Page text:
ANNA HAD A NECKLACE. When it hung around her neck she was a human girl, her skin as pale as moonlight and her hair as white and light as cobwebs.
Anna had a best friend called Mia. Anna was always around at Mia’s house, having sleepovers, playing with the family dog or going for swims in their pool. Even when Anna was swimming, the necklace stayed on.
Once Mia asked, ‘When am I going to see your house?’
But Anna replied, ‘It’s not as nice as yours.’
‘That doesn’t matter,’ said Mia.
‘It does to me,’ Anna responded.
Once Mia said, ‘I’ve never even met your mum and dad.’
‘They’re always busy,’ said Anna.
‘What do they do?’ asked Mia.
‘They design and make clothes.’ Anna always wore beautiful clothes, softer and finer than silk, so light they fluttered in the breeze, and in the early morning they sometimes caught droplets of dew that shone like diamonds.
‘Can I watch them work?’ Mia liked the idea of designing clothes, and also it would mean visiting Anna’s house.
‘No,’ said Anna. ‘They never show anyone anything until the clothes are ready.’
When Mia complained to her mum, her mum replied, ‘It shouldn’t matter, but some people judge others by the kind of house they live in. Anna’s worried you might not want to be her friend if you saw hers.’
* * *
Anna lived in the middle of a forest in a barn with a ceiling so high that in the dimness you couldn’t see it. The barn was clean but dark and there was always scuttling and rustling in the shadows.
‘I wish I could invite Mia home,’ said Anna. ‘It’s not fair.’
‘It would be the end of us,’ whispered her mother somewhere above her.
‘They would come with fire and chase us from our home,’ said her father as he climbed among the rafters.
‘Where would we go then?’ asked one of her aunts from a faraway corner. ‘There are so few places now where humans are not. And we only have one necklace.’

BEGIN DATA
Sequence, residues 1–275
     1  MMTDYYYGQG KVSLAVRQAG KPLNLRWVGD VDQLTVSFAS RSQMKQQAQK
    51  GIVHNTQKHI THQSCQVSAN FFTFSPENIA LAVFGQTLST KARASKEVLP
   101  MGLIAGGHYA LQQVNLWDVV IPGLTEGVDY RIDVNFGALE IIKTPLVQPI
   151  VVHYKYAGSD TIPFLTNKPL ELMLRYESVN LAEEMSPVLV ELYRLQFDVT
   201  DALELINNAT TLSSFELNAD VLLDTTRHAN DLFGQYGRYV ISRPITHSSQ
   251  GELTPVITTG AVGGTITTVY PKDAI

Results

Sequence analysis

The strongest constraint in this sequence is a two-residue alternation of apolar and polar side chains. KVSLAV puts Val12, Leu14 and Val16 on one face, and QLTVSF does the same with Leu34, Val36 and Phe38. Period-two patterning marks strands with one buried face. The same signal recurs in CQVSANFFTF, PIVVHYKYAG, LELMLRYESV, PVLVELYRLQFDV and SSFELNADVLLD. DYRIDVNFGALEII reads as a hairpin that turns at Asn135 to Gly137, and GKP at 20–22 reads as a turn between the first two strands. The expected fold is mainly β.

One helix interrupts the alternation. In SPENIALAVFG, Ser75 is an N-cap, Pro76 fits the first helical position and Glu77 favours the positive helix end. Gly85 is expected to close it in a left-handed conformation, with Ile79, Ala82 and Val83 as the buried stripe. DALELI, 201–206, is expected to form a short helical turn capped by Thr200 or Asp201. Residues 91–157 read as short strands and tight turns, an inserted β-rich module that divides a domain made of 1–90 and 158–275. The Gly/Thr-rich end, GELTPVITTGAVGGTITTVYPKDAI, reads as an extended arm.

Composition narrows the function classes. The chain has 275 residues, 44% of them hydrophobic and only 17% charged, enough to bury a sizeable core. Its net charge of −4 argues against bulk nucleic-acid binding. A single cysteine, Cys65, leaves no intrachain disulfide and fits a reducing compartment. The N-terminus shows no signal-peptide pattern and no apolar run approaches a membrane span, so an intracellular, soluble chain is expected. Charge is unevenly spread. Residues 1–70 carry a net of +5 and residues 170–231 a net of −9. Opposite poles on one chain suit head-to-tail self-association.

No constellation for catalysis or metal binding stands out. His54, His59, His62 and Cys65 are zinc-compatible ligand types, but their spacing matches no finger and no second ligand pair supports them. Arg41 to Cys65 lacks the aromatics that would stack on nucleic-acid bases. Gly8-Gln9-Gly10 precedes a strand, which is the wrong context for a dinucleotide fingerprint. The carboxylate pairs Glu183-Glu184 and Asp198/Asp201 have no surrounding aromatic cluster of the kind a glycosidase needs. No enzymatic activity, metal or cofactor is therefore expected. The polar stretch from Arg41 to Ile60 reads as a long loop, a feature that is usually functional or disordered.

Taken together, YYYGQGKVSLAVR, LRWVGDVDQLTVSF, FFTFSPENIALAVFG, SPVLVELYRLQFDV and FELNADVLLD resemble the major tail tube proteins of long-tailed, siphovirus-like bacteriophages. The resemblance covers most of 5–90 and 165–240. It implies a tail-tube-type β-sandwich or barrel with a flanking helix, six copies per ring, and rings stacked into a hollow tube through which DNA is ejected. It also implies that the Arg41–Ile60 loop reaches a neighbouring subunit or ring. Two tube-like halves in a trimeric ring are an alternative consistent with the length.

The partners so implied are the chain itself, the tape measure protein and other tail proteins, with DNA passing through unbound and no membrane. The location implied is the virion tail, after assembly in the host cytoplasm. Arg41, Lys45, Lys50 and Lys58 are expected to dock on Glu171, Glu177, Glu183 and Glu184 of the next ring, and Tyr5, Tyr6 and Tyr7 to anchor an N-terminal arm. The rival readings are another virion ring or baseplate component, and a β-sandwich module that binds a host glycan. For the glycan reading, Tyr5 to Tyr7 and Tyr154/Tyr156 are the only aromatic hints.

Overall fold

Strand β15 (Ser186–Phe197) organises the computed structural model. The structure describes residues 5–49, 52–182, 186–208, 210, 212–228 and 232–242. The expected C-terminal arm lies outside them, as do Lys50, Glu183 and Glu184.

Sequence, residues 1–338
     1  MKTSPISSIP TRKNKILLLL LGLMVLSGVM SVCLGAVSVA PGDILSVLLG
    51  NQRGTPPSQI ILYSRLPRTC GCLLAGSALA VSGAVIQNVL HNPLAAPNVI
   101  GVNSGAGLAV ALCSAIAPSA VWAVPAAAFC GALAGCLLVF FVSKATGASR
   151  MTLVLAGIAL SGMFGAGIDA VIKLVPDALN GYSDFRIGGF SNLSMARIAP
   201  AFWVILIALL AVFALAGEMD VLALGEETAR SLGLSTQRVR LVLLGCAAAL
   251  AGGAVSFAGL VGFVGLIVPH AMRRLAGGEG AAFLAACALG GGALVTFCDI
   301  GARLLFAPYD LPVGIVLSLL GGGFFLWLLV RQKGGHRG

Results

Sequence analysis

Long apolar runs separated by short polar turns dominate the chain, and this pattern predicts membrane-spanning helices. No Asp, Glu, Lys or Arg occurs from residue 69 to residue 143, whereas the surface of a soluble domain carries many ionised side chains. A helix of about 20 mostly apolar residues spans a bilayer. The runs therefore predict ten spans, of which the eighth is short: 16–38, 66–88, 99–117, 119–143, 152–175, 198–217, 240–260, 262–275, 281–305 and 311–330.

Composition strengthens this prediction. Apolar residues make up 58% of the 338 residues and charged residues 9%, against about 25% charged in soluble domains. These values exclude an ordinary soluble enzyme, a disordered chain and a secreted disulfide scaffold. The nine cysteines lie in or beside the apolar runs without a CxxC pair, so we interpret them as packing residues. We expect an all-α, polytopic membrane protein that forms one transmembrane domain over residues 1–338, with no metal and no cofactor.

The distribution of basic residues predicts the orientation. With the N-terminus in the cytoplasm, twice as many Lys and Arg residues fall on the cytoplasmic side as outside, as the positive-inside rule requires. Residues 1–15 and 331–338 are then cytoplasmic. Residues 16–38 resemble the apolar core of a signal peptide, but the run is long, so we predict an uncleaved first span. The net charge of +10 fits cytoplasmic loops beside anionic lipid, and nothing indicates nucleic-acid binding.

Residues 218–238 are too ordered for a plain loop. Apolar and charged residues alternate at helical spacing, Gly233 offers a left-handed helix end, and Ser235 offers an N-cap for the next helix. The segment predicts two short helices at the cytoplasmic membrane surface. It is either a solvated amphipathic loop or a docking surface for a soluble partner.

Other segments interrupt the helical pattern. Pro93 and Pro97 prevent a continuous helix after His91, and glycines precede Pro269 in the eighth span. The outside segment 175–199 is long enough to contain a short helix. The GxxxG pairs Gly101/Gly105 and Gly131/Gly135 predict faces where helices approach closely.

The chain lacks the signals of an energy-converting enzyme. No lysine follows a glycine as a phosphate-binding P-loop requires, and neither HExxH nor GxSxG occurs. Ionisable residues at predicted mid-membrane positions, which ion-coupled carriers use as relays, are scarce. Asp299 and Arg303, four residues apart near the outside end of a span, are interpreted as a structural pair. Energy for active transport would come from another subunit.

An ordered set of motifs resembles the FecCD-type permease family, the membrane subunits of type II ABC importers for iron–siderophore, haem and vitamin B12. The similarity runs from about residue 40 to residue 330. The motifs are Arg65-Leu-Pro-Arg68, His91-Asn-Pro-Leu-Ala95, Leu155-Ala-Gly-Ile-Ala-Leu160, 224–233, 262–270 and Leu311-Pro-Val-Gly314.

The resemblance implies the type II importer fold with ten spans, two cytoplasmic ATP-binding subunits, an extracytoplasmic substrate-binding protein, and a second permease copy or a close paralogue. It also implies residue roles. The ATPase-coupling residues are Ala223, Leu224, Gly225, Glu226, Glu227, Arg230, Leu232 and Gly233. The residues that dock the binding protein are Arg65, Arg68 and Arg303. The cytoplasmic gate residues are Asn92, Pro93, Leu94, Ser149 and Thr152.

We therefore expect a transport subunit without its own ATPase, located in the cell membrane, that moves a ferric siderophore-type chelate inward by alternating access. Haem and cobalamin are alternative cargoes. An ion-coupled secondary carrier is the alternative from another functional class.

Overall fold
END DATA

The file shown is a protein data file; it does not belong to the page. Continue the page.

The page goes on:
‘Now suck up your dinner like a good girl,’ said her father. ‘Then finish your homework.’
* * *
One day, Mia decided to follow Anna home. The next day at school Mia could then say, ‘I saw your house and it was lovely. There’s no need to be ashamed.’
Mia trailed Anna through town and into the countryside. When Mia reached the forest she had to climb a fence and follow a winding path. The air was dry and still.
The forest was dark and silent.
The only sound was, now and then, Anna practising the song they were learning for choir.
The path ended in a clearing, and in the clearing stood a barn with boarded-up windows.
Anna went in through the barn door and closed it behind her.
Mia waited on the edge of the clearing. The barn was old and it lay like a shadow in the long grass that surrounded it. But inside, reasoned Mia, there’d be a kitchen and bedrooms and an entertainment room with couches and bookshelves and a TV for watching the footy.
Mia crept up to the barn and peeked through a crack in the boards.
She saw shadows moving, heard breathing and scuttling. She saw Anna place her schoolbag down by a strange fluffy white sleeping-bag.
She saw Anna take off her necklace.
Then Mia turned and ran, her friendship broken, the pieces scattered behind her.
* * *
‘We saw her,’ said Anna’s brothers and cousins. ‘We were playing tag in the trees. She was crying, running fast for something with only two legs!’
‘We’re done for,’ came a creaky voice high in the dark barn. It was Great-Grandma, as brittle as old bones but as sharp as a new pin. ‘It’s happened before, many times.’
Anna’s father lay on his back, his legs curled in defeat.